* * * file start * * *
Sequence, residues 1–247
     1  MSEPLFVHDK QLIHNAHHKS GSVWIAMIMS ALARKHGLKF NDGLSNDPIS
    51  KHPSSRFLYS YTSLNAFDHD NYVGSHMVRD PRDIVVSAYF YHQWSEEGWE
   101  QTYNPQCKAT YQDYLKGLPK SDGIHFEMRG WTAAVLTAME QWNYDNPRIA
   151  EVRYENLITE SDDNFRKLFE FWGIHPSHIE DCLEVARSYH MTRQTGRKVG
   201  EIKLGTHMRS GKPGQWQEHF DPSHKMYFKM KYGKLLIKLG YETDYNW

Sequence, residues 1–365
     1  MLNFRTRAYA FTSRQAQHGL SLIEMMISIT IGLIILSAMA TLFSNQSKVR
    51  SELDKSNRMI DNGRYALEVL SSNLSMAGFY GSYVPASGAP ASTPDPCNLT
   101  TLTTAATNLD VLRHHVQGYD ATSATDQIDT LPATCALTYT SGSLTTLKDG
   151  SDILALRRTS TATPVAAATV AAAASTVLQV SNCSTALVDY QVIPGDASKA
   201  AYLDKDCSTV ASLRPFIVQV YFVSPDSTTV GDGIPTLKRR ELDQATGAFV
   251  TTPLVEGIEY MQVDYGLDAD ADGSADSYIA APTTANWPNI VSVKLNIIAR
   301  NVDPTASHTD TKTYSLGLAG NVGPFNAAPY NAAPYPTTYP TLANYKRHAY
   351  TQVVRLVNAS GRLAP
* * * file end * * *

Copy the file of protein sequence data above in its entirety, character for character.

Sequence, residues 1–247
     1  MSEPLFVHDK QLIHNAHHKS GSVWIAMIMS ALARKHGLKF NDGLSNDPIS
    51  KHPSSRFLYS YTSLNAFDHD NYVGSHMVRD PRDIVVSAYF YHQWSEEGWE
   101  QTYNPQCKAT YQDYLKGLPK SDGIHFEMRG WTAAVLTAME QWNYDNPRIA
   151  EVRYENLITE SDDNFRKLFE FWGIHPSHIE DCLEVARSYH MTRQTGRKVG
   201  EIKLGTHMRS GKPGQWQEHF DPSHKMYFKM KYGKLLIKLG YETDYNW

Sequence, residues 1–365
     1  MLNFRTRAYA FTSRQAQHGL SLIEMMISIT IGLIILSAMA TLFSNQSKVR
    51  SELDKSNRMI DNGRYALEVL SSNLSMAGFY GSYVPASGAP ASTPDPCNLT
   101  TLTTAATNLD VLRHHVQGYD ATSATDQIDT LPATCALTYT SGSLTTLKDG
   151  SDILALRRTS TATPVAAATV AAAASTVLQV SNCSTALVDY QVIPGDASKA
   201  AYLDKDCSTV ASLRPFIVQV YFVSPDSTTV GDGIPTLKRR ELDQATGAFV
   251  TTPLVEGIEY MQVDYGLDAD ADGSADSYIA APTTANWPNI VSVKLNIIAR
   301  NVDPTASHTD TKTYSLGLAG NVGPFNAAPY NAAPYPTTYP TLANYKRHAY
   351  TQVVRLVNAS GRLAP